Some newspaper columnists have waded in castigating the Government for being ready to do Washington’s bidding. The Government was interposing Australia in a country fighting a civil war and clearly taking sides in that conflict.

The main Opposition party in a rare show of bipartisanship supported the Government’s decision. They acknowledged it was not an easy one to make but made for the best of reasons-humanitarian relief to prevent genocide against the beleaguered minorities in northern Iraq. It is a risk but on balance the greater risk would be to allow ISIS to succeed in Iraq.

Australia has already begun dropping relief supplies to an Iraqi town holding out against ISIS but this latest development will place our military and our air force in harms way. In order to make sure the arms get to the right people Australian aircraft will land on Iraqi soil, risking anti-aircraft fire from the Islamic State. We will be giving the Kurdish Peshmerga rocket propelled grenades, mortars as well as different caliber ammunition.

The Prime Minister said that understandably Australia shrinks from reaching out to these conflicts and I am sure plenty of other countries do as well. But the truth is these conflicts reach out to us whether we like or not. He said 60 Australians (that we know of) are involved in terrorist groups in the Middle East. Another 100 are actively supporting those Islamic extremists. With such a significant number of Australians involved with these groups they become radicalized, brutalized and accustomed to kill in the name of God. And so the logic goes if they think it is right to kill in the name of God in Iraq then it stands to reason those same people will think it is right to kill in the name of God in Sydney, London or New York.

Australia is yet to receive a request from the United States to join air strikes against ISIS but if that request comes I am sure it will be regarded favorably.

US Secretary of State John Kerry has called for a global coalition to stop the spread of what he called the cancer of the Islamic State. For me it brings to mind the frequently quoted Edmund Burke homily: All that is necessary for the triumph of evil is that good men do nothing. In this case doing nothing is not an option.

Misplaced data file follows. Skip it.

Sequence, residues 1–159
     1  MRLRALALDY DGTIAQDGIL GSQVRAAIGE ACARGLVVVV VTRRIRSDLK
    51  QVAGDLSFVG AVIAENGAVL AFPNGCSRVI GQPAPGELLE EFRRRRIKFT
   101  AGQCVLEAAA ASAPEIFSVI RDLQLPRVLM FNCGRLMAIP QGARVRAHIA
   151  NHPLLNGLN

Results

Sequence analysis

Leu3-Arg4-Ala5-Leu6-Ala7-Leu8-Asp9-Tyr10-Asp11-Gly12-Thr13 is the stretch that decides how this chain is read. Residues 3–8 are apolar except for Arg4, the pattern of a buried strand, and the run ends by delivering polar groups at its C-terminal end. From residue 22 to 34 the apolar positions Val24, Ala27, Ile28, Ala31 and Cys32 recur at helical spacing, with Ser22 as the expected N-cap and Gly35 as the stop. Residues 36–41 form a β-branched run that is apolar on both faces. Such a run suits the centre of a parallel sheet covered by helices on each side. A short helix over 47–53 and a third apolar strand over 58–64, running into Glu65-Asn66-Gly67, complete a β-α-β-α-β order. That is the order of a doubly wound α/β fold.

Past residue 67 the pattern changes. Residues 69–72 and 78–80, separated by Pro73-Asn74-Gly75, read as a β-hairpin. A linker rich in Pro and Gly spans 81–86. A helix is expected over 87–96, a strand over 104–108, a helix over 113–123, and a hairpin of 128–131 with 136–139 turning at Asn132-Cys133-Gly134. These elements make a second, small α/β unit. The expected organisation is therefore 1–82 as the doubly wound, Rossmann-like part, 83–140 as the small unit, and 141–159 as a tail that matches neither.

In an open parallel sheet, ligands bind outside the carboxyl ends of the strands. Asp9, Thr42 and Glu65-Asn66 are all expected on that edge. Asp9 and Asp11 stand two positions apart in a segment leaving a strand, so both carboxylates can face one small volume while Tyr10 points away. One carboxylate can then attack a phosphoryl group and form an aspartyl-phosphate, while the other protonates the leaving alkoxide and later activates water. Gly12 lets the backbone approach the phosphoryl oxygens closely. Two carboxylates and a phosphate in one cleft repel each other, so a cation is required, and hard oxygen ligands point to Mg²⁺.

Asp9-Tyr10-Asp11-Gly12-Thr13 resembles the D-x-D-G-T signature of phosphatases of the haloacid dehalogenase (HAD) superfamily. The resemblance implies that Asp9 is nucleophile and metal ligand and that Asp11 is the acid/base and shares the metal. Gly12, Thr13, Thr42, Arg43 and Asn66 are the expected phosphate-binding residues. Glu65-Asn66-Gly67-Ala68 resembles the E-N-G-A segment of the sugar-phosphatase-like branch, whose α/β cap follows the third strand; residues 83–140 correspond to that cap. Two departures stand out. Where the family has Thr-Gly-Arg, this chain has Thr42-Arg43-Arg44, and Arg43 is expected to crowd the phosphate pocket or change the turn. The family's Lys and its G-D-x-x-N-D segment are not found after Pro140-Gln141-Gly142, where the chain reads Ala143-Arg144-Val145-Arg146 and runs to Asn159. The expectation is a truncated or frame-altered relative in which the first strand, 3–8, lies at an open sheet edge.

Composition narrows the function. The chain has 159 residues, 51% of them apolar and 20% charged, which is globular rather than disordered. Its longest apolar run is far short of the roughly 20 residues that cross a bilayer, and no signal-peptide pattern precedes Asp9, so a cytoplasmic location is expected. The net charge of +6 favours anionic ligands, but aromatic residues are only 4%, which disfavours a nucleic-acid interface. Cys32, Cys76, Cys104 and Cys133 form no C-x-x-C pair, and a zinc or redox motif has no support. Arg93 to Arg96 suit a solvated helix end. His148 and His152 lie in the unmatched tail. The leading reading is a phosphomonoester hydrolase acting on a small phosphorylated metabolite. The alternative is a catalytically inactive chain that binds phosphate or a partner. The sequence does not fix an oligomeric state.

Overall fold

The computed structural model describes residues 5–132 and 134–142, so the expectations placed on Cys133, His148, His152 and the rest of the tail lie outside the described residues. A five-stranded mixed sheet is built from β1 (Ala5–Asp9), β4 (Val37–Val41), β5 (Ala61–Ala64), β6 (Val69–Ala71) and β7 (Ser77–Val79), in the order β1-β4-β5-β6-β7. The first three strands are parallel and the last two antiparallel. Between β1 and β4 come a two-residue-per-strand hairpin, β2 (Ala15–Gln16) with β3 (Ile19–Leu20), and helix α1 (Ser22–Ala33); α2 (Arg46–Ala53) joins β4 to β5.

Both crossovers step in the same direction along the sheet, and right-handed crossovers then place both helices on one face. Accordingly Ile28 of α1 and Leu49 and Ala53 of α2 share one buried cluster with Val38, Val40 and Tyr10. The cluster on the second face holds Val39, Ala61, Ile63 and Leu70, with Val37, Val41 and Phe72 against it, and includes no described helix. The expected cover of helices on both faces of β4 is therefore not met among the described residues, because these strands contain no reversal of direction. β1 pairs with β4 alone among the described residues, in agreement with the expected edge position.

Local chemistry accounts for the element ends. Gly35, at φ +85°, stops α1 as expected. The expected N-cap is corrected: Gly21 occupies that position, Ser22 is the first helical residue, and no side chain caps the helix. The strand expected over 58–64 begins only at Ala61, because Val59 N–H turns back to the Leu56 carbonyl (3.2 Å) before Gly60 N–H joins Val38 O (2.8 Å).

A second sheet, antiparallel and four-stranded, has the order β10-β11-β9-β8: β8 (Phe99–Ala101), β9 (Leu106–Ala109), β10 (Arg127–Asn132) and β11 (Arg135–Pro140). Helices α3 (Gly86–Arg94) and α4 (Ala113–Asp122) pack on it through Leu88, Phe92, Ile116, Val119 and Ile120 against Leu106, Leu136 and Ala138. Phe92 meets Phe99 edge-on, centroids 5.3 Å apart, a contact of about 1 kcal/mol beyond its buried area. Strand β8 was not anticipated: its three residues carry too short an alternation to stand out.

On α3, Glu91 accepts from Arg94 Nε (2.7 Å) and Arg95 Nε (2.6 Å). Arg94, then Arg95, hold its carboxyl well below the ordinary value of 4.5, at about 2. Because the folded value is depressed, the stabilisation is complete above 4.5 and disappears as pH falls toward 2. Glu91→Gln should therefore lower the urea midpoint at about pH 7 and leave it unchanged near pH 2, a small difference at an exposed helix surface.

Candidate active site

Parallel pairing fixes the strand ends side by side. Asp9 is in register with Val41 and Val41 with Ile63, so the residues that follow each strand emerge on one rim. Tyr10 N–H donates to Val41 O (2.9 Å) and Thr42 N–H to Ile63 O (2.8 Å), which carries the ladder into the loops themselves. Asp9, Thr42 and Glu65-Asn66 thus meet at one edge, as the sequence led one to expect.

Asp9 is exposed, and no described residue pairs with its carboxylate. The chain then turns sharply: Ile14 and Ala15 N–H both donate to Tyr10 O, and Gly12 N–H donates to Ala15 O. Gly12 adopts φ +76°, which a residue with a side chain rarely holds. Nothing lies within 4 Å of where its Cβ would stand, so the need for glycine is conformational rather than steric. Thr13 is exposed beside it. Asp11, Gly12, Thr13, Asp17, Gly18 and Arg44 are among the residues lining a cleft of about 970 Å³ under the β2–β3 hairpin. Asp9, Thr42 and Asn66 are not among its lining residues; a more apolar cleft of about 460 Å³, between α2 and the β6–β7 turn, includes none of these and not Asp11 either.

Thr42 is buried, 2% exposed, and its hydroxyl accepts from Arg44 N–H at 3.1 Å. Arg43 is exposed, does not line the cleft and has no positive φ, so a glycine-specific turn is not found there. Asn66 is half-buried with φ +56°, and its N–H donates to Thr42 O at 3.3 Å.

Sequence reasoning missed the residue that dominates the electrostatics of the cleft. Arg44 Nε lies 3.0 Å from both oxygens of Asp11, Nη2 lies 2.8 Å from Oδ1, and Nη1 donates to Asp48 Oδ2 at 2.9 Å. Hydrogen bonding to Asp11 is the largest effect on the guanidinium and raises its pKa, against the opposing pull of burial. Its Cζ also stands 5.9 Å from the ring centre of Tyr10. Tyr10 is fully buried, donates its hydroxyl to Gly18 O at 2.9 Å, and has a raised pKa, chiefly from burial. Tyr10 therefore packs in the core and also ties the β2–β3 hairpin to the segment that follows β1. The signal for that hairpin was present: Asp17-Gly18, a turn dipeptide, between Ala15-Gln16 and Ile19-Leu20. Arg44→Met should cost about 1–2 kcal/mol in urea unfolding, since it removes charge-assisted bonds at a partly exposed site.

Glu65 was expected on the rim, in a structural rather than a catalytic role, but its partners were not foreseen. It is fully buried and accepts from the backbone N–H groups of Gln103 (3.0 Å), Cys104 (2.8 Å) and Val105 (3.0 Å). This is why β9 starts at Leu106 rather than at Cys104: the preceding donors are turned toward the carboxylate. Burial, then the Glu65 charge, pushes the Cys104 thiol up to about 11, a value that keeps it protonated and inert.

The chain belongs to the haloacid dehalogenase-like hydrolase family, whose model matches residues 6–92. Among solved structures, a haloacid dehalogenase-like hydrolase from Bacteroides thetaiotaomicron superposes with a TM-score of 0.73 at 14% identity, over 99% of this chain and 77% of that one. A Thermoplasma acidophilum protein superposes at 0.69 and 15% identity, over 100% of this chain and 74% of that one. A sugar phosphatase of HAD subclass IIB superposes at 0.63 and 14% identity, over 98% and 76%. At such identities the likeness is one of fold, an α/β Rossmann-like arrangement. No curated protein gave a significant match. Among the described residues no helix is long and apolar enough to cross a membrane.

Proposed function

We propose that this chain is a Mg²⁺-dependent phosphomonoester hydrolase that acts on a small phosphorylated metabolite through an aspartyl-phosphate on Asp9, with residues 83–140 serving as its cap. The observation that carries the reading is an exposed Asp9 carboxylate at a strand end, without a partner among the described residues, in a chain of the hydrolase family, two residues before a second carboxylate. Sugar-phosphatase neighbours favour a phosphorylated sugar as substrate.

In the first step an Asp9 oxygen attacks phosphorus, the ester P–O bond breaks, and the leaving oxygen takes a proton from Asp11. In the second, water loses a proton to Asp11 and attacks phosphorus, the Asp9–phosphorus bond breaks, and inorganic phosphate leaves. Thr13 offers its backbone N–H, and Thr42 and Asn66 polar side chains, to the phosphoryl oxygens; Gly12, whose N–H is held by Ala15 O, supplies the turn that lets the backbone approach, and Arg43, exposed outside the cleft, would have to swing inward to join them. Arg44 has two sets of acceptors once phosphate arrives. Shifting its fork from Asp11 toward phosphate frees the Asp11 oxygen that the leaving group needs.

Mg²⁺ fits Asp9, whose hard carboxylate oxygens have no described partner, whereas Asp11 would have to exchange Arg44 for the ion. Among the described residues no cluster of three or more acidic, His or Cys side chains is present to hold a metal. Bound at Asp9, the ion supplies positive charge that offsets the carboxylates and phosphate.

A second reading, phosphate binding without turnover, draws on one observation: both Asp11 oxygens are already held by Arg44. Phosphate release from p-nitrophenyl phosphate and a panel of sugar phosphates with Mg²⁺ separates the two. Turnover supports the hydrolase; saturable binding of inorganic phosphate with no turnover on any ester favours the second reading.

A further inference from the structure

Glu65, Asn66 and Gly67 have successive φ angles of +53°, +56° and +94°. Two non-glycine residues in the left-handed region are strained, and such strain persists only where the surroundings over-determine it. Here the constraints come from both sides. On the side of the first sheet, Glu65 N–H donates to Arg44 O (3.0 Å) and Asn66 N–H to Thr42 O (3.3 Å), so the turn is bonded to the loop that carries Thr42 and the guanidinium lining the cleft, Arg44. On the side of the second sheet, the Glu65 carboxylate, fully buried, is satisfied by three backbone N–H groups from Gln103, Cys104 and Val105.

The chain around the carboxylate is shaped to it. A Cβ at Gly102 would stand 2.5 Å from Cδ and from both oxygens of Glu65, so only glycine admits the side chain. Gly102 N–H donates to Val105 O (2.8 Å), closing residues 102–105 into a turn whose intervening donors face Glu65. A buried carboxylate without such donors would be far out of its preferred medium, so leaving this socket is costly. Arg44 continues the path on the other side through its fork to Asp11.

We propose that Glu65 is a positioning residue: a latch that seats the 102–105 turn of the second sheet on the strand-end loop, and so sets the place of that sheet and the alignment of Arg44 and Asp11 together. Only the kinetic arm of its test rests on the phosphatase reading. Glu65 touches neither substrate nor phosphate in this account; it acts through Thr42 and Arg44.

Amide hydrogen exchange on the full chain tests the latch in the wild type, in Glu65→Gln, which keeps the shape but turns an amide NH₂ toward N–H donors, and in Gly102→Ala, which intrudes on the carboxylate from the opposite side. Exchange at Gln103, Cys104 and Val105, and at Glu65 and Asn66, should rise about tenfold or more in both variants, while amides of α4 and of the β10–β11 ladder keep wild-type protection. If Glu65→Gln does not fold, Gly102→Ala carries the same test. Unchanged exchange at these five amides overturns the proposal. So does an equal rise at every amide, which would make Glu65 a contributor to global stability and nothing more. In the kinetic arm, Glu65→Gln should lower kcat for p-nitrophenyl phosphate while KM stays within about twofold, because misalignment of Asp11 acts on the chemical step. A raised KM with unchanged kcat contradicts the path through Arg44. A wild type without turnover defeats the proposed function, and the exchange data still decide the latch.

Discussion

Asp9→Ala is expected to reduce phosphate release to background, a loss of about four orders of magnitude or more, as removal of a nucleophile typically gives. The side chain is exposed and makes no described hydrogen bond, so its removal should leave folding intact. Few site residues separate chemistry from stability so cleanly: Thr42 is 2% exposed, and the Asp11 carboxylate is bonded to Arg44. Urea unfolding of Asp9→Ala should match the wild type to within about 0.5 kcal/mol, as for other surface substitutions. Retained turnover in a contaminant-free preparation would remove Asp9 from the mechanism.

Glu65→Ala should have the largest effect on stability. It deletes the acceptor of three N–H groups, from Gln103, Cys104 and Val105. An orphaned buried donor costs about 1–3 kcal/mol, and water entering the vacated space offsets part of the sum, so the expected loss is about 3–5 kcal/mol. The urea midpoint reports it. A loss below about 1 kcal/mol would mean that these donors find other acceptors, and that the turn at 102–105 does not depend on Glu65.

Ignore Them At Your Peril

Most people in the world will, by now, have heard of ISIS. Why am I wasting time and oxygen talking about a grotesque and barbaric group of extremists? Because we need to take them seriously. Very, very seriously. And, it would be a serious mistake not to. 

Here’s why.

ISIS is wealthier than a small country. They have $2billion in cash and even more in captured assets. With Syria a basket case, ISIS took control of oil fields, electricity plants, and dams as part of its strategy to control key infrastructure. It even continued to collect taxes to fund its invasion of Iraq. Other money making enterprises like ransom payments for hostages have earned millions.

It is better financed than all of the other radical Middle Eastern groups like Hezbollah, the Taliban, Farc and Al Shabaab. ISIS can even pay its fighters a salary.

Right at this moment they are the most dangerous and powerful group of extremists in the world. They have a PR machine, that some observers claim, can rival the slickest Hollywood agency. They have sophisticated strategies and very structured social media tactics and they are growing stronger every day. ISIS produces merchandise including branded T-shirts. Its followers post to Twitter, Instagram and Facebook. They even produce a glossy magazine that’s posted online and the Islamic State publishes an annual report complete with infographics detailing its operations.